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Canadian Athletes

Excerpt from Debates of the Senate (Hansard)


Canadian Athletes

Hon. Marty Deacon: Honourable senators, we have heard much about our Canadian athletes as of late. They lead by example day in and day out. What is less discussed are their stories off the field of play that demonstrate their resilience and are sometimes more profound than their athletic accomplishments. For my purposes today, it is not their exploits on the field I would like to highlight but instead their leadership outside of competition.

As you will recall, shortly before the Paralympics opened in Tokyo, Kabul had fallen to the Taliban. Many Afghans worried about what was to come. Would they face repercussions? Would their families? As you can imagine, for those who competed in athletic competition for the joy of it — particularly women — these fears were front, centre and immediate.

Since 2012, it has been my privilege to mentor women in Afghanistan. I have also participated in and supported the Secret Marathon, an incredible annual event connected with International Women’s Day and spearheaded by hopeful young Afghan women. It has been humbling to observe their growth, their desire to learn and their desire to lead.

I and others in the Canadian sports and education community were contacted by several athletes, coaches, sports leaders and leaders in the LGBTQ2+ community to help them get out of Afghanistan.

Their stories were all gut-wrenching. My heart broke, and I knew we had to do whatever was possible to help. I still cringe to think that some of these athletes who marched into the opening ceremonies of the Olympic Games in July were now running for their lives as their homes were invaded and personal property destroyed.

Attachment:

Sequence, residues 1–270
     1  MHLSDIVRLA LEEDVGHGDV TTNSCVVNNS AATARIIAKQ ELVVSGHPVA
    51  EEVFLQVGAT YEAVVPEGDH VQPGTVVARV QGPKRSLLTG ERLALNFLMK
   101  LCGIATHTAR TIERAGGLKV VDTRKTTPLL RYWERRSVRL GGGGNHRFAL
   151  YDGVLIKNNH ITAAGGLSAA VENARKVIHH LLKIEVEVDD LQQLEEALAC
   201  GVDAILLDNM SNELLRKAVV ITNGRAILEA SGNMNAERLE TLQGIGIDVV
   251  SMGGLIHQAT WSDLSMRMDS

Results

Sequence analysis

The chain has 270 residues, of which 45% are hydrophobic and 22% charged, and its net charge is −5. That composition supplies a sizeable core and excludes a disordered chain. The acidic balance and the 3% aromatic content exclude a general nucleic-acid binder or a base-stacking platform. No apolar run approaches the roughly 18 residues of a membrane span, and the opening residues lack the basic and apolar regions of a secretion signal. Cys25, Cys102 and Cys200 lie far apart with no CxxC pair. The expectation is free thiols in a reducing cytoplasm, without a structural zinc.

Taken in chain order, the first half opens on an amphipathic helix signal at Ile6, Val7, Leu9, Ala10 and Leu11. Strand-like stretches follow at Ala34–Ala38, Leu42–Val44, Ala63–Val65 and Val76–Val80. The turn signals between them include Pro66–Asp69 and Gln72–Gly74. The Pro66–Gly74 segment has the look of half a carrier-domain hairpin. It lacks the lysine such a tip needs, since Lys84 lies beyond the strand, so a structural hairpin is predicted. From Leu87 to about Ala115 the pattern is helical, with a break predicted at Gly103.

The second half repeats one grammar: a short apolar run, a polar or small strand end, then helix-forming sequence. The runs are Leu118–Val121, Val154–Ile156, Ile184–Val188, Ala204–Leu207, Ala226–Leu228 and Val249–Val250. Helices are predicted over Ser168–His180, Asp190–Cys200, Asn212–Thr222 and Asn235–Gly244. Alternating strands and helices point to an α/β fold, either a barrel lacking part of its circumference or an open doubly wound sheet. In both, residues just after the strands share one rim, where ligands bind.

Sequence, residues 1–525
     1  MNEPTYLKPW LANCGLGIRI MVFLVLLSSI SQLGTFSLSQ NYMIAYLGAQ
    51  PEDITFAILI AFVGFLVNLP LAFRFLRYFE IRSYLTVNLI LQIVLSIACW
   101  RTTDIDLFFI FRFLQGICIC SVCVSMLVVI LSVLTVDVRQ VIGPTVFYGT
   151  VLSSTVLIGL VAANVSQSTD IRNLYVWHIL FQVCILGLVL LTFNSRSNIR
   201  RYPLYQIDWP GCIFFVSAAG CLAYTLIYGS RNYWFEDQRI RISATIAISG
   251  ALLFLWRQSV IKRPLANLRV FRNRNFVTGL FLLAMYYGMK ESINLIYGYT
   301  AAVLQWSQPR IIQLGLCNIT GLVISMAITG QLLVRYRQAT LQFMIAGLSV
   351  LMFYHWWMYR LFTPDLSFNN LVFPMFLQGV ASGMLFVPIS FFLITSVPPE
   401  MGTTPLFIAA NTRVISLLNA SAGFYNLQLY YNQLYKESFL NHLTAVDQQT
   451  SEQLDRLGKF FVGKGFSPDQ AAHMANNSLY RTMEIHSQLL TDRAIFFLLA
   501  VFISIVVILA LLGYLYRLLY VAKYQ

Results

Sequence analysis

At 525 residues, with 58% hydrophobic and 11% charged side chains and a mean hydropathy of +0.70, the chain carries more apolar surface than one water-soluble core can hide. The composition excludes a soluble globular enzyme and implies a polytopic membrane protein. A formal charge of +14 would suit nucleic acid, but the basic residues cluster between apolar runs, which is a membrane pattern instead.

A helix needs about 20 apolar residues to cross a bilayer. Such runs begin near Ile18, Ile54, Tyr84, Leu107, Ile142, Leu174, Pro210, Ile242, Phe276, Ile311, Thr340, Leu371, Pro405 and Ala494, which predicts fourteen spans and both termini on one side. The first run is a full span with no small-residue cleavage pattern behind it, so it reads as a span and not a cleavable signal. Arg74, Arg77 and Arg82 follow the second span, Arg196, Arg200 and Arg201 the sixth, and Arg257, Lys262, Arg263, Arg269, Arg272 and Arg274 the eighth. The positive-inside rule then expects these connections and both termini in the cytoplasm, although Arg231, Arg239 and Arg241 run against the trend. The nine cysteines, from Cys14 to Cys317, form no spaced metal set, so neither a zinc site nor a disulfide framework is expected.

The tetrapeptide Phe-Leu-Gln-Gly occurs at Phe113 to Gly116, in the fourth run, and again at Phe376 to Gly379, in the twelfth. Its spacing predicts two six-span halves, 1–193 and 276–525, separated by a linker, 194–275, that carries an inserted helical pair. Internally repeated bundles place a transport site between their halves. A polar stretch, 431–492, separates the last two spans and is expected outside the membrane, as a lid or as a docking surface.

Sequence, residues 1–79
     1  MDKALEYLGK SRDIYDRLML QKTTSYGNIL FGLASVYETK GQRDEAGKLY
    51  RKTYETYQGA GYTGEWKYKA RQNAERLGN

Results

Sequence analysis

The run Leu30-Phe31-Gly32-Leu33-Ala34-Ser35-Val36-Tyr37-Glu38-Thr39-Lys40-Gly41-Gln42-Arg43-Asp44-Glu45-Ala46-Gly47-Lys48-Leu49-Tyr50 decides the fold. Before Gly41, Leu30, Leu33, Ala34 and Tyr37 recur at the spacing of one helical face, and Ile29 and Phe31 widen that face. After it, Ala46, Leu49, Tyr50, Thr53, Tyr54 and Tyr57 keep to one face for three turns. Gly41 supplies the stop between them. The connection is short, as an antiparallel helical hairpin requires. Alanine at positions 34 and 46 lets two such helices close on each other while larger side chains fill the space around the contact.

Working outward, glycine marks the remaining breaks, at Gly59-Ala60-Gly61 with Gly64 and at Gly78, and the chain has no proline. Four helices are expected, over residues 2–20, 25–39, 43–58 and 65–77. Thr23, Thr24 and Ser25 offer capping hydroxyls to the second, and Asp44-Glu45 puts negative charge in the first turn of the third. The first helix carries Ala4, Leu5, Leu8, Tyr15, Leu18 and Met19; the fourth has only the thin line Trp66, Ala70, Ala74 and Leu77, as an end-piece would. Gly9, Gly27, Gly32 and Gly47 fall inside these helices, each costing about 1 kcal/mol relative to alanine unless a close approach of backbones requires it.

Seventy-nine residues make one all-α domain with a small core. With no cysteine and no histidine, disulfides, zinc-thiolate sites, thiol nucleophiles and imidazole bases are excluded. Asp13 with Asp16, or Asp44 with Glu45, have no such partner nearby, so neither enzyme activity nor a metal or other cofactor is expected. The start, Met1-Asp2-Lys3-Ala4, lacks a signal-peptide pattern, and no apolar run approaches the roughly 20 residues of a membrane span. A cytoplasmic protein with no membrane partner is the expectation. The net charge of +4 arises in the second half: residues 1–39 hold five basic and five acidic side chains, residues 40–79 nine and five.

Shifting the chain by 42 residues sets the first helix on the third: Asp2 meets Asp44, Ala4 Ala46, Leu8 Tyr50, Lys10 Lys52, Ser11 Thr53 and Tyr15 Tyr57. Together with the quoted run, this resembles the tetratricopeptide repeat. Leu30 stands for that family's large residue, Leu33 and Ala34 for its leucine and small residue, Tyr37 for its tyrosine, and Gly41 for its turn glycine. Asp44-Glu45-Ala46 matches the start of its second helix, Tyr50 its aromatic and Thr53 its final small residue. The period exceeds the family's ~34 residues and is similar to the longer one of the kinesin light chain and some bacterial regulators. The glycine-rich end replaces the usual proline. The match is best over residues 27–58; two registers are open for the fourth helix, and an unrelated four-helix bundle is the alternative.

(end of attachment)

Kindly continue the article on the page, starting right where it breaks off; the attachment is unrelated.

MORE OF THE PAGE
Over the hours, days and weeks, we collectively used every government, NGO and sport and education connection we could to leverage their escape from Afghanistan. I am proud to say that these connections, made through the love, humanity and unity of sport, led to the escape of dozens of Afghan athletes and coaches from the country.

By September, through this work and other work done by the Canadian and International Olympic Committee, specifically the Solidarity unit, every athlete who participated in the Tokyo Olympic and Paralympic Games was out of Afghanistan with humanitarian visa in hand. There is little that is more powerful than when I received a photograph of a family last week moments after they were able to leave Afghanistan.

As we know, there are still many seeking support and their escape from Taliban rule. We continue to push and work with other countries to assist, facilitate and leverage wherever possible. I know there are a number of domestic and international leaders working collectively on the ground to help facilitate a move to Canada or to another country or to support refugees when they arrive. The degree of community at the international level and in Canada never fails to give me hope. Our national sports community has stepped up, like others, to exemplify our Canadian values in their response to the crisis in Afghanistan.

Thank you, meegwetch.

Some Hon. Senators: Hear, hear.

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